FENGSHAN MARKET & FOOD CENTRE
85 Bedok North Street 4, S460085
Ask someone from Singapore’s eastern side for recommendations and you’ll likely be directed here. Nestled in a quiet residential estate, it’s relatively modest with just over 50 stalls. As night falls and the dinner crowd descends, it transforms into a bustling enclave spilling over with revellers both young and old. It is noted for not just one, but two stalls that sell bak chor mee, or minced pork noodles; Seng Hiang (#01-08) is richer in taste while Xing Ji (#01-07) is lighter. Otherwise, Michelin Bib Gourmand recipient Shi Wei Da Satay Beehoon (#01-41) throws thin rice noodles, pork, prawns, cuttlefish, cockles, fried bean curd and kangkong together, topped with dollops of fragrant satay sauce.
ABC BRICKWORKS MARKET & FOOD CENTRE
Blk 6 Jalan Bukit Merah, S150006
Originally named for the Archipelago Brewery Company sited down the road when it was completed in 1970, ABC Brickworks Market & Food Centre enjoys a piping hot reputation. Meat lovers, scurry over to Fatty Cheong Roast (#01-120) for generous chunks of its bu jian tian (translated literally as ‘don’t see sky’ in Mandarin) char siew. Cut from the pig’s armpit, it’s topped with a translucent layer of fat for an unforgettably juicy taste. One of the longest lines can be found at Wow Wow West (#01-133) – everyone walks away happily with a huge portion of Western classics such as Fish and Chips or Grilled Chicken Chop. Prepare to wait at least 30 minutes at Tiong Bahru Yi Sheng Hokkien Mee (#01-13), where the goggles-wearing Uncle Toh whips up plates of Michelin Gourmand Bib-winning Hokkien noodles, topped with prawns, squid and pork belly. Make sure you squeeze some lime over the noodles for that extra oomph.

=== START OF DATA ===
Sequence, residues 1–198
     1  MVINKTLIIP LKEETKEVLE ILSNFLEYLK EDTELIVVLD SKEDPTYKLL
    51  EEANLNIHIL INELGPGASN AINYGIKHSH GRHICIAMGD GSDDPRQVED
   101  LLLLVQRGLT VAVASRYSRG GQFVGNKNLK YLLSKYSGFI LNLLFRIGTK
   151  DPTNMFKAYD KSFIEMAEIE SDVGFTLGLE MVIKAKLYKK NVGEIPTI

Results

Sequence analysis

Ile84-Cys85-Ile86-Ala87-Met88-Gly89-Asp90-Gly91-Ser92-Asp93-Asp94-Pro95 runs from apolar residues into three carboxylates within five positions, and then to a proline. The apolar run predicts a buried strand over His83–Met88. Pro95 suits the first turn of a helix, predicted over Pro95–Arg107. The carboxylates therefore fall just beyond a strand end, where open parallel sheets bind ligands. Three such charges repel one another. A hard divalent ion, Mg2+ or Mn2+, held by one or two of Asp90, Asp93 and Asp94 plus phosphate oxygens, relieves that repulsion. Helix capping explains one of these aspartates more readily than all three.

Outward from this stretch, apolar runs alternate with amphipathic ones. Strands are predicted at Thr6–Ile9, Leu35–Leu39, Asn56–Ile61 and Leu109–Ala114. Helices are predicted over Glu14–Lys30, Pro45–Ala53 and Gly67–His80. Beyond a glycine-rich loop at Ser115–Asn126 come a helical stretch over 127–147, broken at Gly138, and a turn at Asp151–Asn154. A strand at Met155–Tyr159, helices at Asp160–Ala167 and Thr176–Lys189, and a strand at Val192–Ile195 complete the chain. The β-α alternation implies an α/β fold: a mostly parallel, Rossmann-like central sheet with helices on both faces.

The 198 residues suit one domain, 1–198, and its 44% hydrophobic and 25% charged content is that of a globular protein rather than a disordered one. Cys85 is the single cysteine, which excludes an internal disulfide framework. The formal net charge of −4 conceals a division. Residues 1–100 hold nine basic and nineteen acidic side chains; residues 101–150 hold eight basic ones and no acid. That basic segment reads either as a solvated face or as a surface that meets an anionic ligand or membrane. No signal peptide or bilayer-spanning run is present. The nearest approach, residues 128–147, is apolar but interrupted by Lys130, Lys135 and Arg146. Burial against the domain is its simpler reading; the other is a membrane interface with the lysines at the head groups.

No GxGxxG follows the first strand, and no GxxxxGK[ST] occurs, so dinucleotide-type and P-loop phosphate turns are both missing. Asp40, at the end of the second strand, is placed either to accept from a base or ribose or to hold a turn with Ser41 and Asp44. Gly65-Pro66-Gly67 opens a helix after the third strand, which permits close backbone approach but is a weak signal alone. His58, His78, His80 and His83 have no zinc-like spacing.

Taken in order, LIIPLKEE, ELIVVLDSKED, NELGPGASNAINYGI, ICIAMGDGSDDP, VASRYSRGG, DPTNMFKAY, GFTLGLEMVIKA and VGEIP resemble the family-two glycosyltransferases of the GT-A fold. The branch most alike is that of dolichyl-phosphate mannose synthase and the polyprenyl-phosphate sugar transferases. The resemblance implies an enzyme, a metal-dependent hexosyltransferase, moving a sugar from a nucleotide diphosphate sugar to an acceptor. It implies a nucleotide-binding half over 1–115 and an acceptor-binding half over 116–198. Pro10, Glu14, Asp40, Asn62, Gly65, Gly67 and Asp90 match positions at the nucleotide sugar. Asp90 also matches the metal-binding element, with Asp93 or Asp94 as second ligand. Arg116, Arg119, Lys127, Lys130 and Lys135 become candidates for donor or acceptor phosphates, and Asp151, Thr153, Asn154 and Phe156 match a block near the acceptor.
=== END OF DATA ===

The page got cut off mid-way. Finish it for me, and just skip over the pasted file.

MAXWELL FOOD CENTRE
1 Kadayanallur Street, 069184
Four words: Tian Tian Chicken Rice (#01-10 & 11). Arguably Singapore’s favourite – Anthony Bourdain and Gordan Ramsay writing for the Michelin Guide, thought so too – this Hainanese chicken rice specialist serves ice-cold, melt-in-the-mouth chicken atop aromatic white rice accompanied by shredded ginger and chili and soy sauces. While waiting, consider a quick bite or two, like the delicious deep-fried snacks from Lim Kee (Orchard) Banana Fritters (#01-61) or Maxwell Fuzhou Oyster Cake (#01-05). Maxwell Food Centre, which was known as Kim Hua Market in 1935, was where fishmongers and butchers peddled their fare until 1986.
CHOMP CHOMP FOOD CENTRE
20 Kensington Park Road, 557269